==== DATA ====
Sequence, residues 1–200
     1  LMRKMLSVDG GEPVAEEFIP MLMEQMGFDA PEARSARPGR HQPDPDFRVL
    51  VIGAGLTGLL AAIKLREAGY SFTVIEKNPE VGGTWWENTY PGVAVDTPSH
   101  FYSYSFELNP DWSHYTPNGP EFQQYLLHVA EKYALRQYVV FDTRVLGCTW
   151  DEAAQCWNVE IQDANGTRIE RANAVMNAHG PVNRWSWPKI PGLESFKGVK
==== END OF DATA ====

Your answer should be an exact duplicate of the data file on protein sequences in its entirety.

Sequence, residues 1–200
     1  LMRKMLSVDG GEPVAEEFIP MLMEQMGFDA PEARSARPGR HQPDPDFRVL
    51  VIGAGLTGLL AAIKLREAGY SFTVIEKNPE VGGTWWENTY PGVAVDTPSH
   101  FYSYSFELNP DWSHYTPNGP EFQQYLLHVA EKYALRQYVV FDTRVLGCTW
   151  DEAAQCWNVE IQDANGTRIE RANAVMNAHG PVNRWSWPKI PGLESFKGVK